Clinical Briefs

By Louis Kuritzky, MD, Clinical Assistant Professor, University of Florida, Gainesville, Dr. Kuritzky is an advisor for Endo, Kowa, Pricara, and Takeda.

CKD: Consistency of GFR and Albuminuria as Risk Predictors

Source: Hallan SI, et al. JAMA 2012; 308:2349-2360.

Clinicians have become increasingly aware of the disease burden associated with chronic kidney disease (CKD), especially since the routine inclusion of a calculated estimated glomerular filtration rate (eGFR) within metabolic profile testing. Promulgation of CKD stages by national organizations and encouragement of clinicians to consider referral of patients with CKD at an earlier stage (usually by CKD stage 3-B) has prompted the clinical community to address eGFR as well as the presence, absence, and severity of urinary albumin excretion on a more consistent basis. Because of inherent renal functional decline associated with increased age, accompanied by decrease in muscle mass that contributes to the generation of creatinine, some have questioned whether current stratification of CKD by eGFR, albuminuria, or both holds true throughout the lifespan.

Hallan et al performed a meta-analysis on data from more than 2 million individuals in Asia, Australasia, Europe, and North/South America to investigate whether eGFR and the presence of albuminuria remain consistently predictive of adverse outcomes.

Although at older ages the absolute risk imparted by CKD was greater than in younger folks (simply because a larger absolute number of older individuals die than younger individuals, whether or not they have CKD), overall, the hazard ratio (HR) for mortality decreased with increasing age. For example, at an eGFR of 45 mL/min, the HR for death (when compared to a normal eGFR) was 3.5 for persons ages 18-54, 2.2 for ages 55-64, and 1.35 for ages > 75 years. A similar relationship was noted for albuminuria.

Albuminuria and reduction in eGFR are associated with adverse outcomes throughout the lifespan, although the HR for risk appears to lessen as we age.


Changing Outcomes for Patients with Chronic Hepatitis C

Source: van der Meer AJ, et al. JAMA 2012;308:2584-2593.

Chronic hepatitis C (HEPC) has an increased risk for liver cancer, end-stage liver disease, and all-cause mortality. Fortunately, current antiviral treatments for HEPc (e.g., ribavirin and interferon) are effective in the majority of subjects. As many as 80% of HEPc patients who complete a therapeutic course will obtain what is called a sustained virological response (SVR); that is, no detectible HEPc virus 6 months after completion of therapy. SVR might reasonably be titled “cure,” since indications are that absence of virus at 6 months is indicative of permanent eradication.

Nonetheless, some patients enjoying SVR already have experienced inflammatory hepatic changes resulting in fibrosis. It has not been sufficiently elucidated whether achievement of SVR ultimately reduces risk for mortality, liver cancer, or hepatic failure, especially in a group with already established hepatic fibrosis.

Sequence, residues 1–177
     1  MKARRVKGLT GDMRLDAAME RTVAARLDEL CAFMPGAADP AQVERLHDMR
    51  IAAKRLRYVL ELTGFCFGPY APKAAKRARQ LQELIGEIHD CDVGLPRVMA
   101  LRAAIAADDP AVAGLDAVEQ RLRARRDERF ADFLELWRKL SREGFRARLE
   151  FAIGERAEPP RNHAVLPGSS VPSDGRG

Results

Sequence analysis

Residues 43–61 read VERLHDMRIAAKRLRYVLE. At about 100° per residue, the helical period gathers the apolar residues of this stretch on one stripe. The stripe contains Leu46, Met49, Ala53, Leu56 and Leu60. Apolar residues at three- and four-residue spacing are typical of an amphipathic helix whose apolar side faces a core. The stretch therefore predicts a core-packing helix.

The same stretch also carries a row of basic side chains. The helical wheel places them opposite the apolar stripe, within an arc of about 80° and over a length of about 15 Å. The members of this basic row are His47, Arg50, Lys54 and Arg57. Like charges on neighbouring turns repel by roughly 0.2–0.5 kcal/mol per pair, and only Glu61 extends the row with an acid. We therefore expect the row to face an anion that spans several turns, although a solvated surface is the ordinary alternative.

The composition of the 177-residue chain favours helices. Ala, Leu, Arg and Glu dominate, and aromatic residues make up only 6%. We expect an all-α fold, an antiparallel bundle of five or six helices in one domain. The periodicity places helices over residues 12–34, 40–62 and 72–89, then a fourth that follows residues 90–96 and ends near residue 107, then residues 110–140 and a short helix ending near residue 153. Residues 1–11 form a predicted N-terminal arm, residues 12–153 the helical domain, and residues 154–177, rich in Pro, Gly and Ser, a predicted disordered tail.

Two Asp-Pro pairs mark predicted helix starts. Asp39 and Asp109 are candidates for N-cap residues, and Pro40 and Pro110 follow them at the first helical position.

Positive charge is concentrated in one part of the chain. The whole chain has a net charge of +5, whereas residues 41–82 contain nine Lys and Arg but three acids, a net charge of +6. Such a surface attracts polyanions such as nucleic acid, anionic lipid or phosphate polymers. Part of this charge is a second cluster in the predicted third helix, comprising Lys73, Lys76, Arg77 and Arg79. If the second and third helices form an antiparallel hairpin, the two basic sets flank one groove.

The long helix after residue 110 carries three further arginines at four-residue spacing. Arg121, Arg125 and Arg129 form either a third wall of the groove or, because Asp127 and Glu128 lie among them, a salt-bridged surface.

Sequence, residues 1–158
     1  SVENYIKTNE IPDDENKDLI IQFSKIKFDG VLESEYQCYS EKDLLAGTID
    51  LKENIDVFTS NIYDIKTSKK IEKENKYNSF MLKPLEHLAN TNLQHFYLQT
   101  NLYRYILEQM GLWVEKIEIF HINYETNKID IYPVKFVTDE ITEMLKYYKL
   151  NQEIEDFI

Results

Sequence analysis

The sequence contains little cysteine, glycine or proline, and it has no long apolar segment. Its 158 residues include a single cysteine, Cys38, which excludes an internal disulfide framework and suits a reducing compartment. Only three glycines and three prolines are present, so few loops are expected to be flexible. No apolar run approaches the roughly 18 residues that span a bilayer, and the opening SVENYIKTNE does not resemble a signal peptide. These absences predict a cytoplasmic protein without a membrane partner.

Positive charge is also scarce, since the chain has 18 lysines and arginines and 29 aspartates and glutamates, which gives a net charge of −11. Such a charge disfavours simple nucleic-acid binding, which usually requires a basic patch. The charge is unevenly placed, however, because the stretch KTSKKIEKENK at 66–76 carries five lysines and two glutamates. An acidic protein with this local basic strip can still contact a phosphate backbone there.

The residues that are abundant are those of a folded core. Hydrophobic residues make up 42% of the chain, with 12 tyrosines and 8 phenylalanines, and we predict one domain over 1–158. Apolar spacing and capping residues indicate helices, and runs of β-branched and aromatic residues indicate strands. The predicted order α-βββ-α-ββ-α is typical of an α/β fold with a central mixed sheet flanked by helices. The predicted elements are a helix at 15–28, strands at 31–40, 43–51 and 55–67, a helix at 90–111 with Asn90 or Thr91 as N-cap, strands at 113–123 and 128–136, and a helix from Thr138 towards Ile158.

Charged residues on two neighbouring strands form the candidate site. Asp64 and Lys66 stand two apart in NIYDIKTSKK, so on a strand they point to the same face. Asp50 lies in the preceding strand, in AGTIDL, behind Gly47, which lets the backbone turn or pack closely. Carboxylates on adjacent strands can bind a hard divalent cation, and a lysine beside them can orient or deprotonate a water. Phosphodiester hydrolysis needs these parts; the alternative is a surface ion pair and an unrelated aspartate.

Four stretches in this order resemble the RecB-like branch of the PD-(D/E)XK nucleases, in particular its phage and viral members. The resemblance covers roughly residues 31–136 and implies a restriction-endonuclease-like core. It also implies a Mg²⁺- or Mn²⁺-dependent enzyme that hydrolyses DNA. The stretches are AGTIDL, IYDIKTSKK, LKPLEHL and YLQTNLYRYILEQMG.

Using an international multicenter database (n = 540), the outcomes of HEPc patients with long-term follow-up (mean 8.4 years), as well as biopsy-proven fibrosis, were investigated to compare those who attained SVR vs those who did not. The mortality rate was essentially three times greater in those who did not attain SVR (26% vs 8.9%); the comparative cumulative incidence rate of liver-related mortality or transplantation was even more dramatic: 1.9% (SVR) vs 27.4% (SVR not attained). The attainment of SVR is associated with substantial longterm reductions in mortality as well as less need for liver transplantation.


Is Fructose a Primary Culprit in Obesity?

Source: Page KA, et al. JAMA 2013; 309:63-70.

Sorting out the causes of the current pandemic of obesity has not been easy and appears to have contributions from various life quadrants: activity, genetics, absolute calorie ingestion, and — most recently — characteristics of the calories we ingest. For instance, whereas in the recent past one might simplistically think that a gram of ice cream and a gram of broccoli should result in similar metabolic impact, recognition of the glycemic index (variation in glucose rate of absorption from different food sources) has taught us that a calorie is not necessarily always a calorie in the grander scope of things.

Fructose, an increasingly commonplace component of fast foods, snacks, etc., has recently come under fire as a potential culprit exacerbating the obesity pandemic. Mechanistically, fructose could be metabolically detrimental because (compared to glucose, that is) it blunts satiety-inducing GLP-1, and fails to shut off appetite-stimulating ghrelin.

Page et al measured regional cerebral blood flow in response to glucose and fructose ingestion. They found that fructose did not produce the same reduction in hypothalamic cerebral blood flow (associated with satiety and fullness) as did glucose. Disproportionate consumption of fructose may be a significant contributor to weight management problems.